Scandinavia--Denmark, Norway, Sweden, Iceland, and Finland--is blessed with five distinct, yet related, cultures.

Learn about the stories behind the legends, about the countries, and most of all about the people.


"We sailed our ships to any shore that offered the best hope of booty; we feared no fellow on earth..."
Saga of Arrow-Odd

What is Gjetost?
A town in Sweden.
Brown goat cheese.
The word for "hello" in

Roasted fish.
The word for ghost in

Correct answer?
OSLO - Norway

Clustered around the head of the 68-mile-long Oslofjord, Oslo is probably the most spacious city in the world. Its 175-square-mile metropolitan area consists of over 75 percent forests and five percent water. Its fine deep harbor, Pipervika, stretches into the heart of the city and from it leave ferries to Denmark and Germany.

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Feature: Stavanger
Featured City: Oslo
Food: The Great NordicDiet
          Swedish Semla
          Norwegian Cuisine
          Canned Sardines
History: The Round Tower
Arts:   Vigeland Park, Oslo
          Georg Jensen
People: Henrik Ibsen    
News: Happiest Countries          

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Copenhagen—Wonderful Copenhagen
by Bob Brooke

København, known to the rest of the world as Copenhagen, wonderful Copenhagen, became the capital of Denmark in 1415, but several of its fine old buildings date from the reign of King Christian IV, from the late 16th to the mid-17th century.

As well as being a great industrial and seafaring port, Copenhagen is one of Europe's most graceful cities with its copper spires and domes punctuating the skyline above the narrow streets and canals of the old town or poking up out of the greenery of its many parks. Only the foundations remain of the first castle, built by Bishop Absalon in 1167, in the cellars of Christiansborg Palace, seat of the Folketinget, the Danish Parliament, rebuilt for the third time on the same site in 1907–28.

Although Copenhagen became Denmark’s capital in the early 15th century, much of its expansion and several of its finest buildings date from the reign of King Christian IV in the 17th century. The city has had its share of sieges and fires, and the majority of the oldest surviving buildings are from after the last great fire of 1795. Bombardment by the English in 1807, during Denmark's alliance with Napoleon, also caused much destruction.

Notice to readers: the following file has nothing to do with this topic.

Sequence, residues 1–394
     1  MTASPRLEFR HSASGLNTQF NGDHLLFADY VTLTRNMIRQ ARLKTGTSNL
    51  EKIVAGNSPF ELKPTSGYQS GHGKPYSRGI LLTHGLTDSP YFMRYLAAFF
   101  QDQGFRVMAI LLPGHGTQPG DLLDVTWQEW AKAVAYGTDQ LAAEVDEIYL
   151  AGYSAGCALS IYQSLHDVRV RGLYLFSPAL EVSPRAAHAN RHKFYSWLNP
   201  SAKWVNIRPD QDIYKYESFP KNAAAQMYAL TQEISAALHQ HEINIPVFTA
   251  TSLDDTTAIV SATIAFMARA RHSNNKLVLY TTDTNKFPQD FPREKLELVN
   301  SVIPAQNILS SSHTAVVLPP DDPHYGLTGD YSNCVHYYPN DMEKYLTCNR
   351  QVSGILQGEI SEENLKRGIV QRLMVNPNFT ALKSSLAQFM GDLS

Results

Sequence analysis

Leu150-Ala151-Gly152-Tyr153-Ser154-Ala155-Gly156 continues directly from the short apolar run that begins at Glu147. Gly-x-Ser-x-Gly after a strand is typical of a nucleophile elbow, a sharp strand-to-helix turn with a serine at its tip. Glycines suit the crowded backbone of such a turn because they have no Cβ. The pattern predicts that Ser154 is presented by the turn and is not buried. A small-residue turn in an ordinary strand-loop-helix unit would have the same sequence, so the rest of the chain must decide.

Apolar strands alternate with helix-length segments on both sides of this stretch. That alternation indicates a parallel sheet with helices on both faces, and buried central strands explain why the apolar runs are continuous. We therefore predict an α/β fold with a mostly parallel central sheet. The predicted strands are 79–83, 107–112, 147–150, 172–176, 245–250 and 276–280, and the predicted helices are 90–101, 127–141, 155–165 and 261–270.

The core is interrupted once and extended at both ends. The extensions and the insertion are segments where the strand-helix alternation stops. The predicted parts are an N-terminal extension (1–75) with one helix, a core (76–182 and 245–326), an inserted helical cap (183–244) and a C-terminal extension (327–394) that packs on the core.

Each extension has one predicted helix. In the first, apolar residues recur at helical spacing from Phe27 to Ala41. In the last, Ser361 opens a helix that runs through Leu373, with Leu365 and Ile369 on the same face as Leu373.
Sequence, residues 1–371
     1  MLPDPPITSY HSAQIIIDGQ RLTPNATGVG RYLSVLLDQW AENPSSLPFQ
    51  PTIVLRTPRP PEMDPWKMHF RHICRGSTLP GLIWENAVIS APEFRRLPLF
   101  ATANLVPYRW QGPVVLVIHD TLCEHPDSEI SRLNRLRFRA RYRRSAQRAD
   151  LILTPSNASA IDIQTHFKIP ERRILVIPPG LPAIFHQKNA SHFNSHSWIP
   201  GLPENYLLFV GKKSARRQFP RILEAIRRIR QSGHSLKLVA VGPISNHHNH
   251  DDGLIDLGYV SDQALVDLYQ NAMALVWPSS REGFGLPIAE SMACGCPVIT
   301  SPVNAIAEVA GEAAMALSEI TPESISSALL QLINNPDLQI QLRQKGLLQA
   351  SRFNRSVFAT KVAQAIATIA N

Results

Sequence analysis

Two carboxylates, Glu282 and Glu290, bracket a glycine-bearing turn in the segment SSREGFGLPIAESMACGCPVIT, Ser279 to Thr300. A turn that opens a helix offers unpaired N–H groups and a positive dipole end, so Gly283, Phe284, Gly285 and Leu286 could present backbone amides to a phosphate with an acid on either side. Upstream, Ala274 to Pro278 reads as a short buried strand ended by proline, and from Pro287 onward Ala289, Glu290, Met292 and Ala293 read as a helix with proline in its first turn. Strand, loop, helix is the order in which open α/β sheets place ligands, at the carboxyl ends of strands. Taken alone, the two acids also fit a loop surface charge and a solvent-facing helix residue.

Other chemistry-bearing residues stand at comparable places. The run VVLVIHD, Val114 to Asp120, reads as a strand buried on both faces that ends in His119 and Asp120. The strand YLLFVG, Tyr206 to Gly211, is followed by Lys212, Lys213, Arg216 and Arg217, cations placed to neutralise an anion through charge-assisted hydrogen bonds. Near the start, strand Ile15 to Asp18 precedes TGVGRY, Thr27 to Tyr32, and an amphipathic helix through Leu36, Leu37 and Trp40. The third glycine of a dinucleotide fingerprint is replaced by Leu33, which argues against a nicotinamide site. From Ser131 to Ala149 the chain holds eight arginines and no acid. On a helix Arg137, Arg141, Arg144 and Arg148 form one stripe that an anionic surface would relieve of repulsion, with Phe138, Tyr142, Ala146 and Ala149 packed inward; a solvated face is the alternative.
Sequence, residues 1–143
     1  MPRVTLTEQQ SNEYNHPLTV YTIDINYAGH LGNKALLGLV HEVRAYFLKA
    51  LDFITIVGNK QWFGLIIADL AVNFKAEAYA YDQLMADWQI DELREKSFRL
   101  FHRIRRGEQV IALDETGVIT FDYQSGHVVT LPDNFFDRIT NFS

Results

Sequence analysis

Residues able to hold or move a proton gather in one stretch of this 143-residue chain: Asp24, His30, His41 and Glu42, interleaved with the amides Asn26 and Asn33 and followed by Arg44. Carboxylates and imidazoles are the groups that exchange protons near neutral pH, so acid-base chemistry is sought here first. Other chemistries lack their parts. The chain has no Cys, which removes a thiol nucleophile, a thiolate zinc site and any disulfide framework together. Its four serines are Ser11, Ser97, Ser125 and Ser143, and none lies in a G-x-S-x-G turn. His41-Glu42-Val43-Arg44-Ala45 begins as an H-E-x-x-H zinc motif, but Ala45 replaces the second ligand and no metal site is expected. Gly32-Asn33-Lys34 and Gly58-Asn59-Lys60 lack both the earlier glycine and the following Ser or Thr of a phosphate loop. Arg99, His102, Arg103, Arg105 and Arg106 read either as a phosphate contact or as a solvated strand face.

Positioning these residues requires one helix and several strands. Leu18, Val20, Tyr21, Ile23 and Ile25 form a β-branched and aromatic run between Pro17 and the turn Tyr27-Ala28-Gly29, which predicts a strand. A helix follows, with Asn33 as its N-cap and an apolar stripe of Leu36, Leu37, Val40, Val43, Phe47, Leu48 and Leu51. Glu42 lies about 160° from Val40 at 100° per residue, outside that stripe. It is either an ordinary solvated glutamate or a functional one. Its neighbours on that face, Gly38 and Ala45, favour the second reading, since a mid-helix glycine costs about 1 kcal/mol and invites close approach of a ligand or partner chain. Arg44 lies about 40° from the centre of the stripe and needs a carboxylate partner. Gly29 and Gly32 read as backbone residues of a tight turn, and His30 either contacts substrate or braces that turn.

Most of the city’s main sights lie within walking distance of the railway station off the
Vesterbrogade Copenhagen’s famous family pleasure ground, Tivoli, with its thrilling
rides, beautiful gardens, restaurants, and sophisticated shows. Its opening on May 1 marks the official beginning of summer for the city’s residents. Not far from Tivoli is another famous fun spot, Benneweis Circus which opens around April 1.

The Town Hall Square is one of the principal hubs of Copenhagen. Dominated by the turn-of-the-century Town Hall with Jens Olsen's famous World Clock and the Lure Player Monument, which is supposed to play every time a virgin passes, it’s from here that the Str¢get, Copenhagen's pedestrian-only shopping street, begins. Its entire length presents an animated scene in summer, often with street musicians and other performers.

At the other end of the Str¢get stands the Royal Theatre. About half-way along Str¢get is the Church of the Holy Ghost, built in 1730, bordering Grabrodretorv, a lively meeting place for young people.

The picturesque canal area of Gammel Strand lies south of Str¢get. Across the canal is the Thorvaldsen Museum, dedicated to the great sculptor, and the massive complex of Christiansborg Palace, with the adjacent Theatre History Museum in the Royal Court Theatre, built in 1766, and the Royal Stables, housing royal vehicles since 1778. Across the canal to the west is the 18th-century Prince's Palace, housing the National Museum. East of Christiansborg. The Renaissance Börsen or Stock Exchange, with the distinctive dragons' tails spire, stands on Christiansborg Castle Square. Across the canal is the Renaissance Holmen's Church.

North of Str¢get stands the neo-classical cathedral, built in 1829, the main building of the university, the synagogue, consecrated 1833, and the Round Tower, built in 1642 by King Christian IV. He also built Rosenborg Castle, once the royal country residence. Today, it houses the crown jewels.

To the west are the Botanical Gardens and a few blocks east Amalienborg Palace, the royal residence, with its daily Changing of the Guard at Noon. The city’s most famous landmark, the bronze statue of the Little Mermaid, pensively observes the ships that come and go.

The city's night life is the liveliest and most varied in Scandinavia, and its winter programs range from shows to the famous Royal Ballet, as well as art and antique auctions.

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Every year about 95 000 people die in Sweden and, according to the law, everyone must be buried. There must be room for everyone in the cemeteries, therefore the future needs of space have to be predicted. Because of this funerals must be part of the planning process.

Read more about Swedish burials

News from Norway
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News from Denmark
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from the SR International 
News from Finland
from Finnish News Agency STT
News from Iceland
from The Iceland Review
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In the early Middle Ages, driven by famine at home and the promise of wealth to be had in other lands, the Vikings set out from Scandinavia to conquer parts of England, Ireland, France, Russia, and even Turkey. Bolstered by their successes, the Vikings pushed westward, eventually crossing the North Atlantic and founding settlements in Iceland, Greenland, and Newfoundland in Canada.
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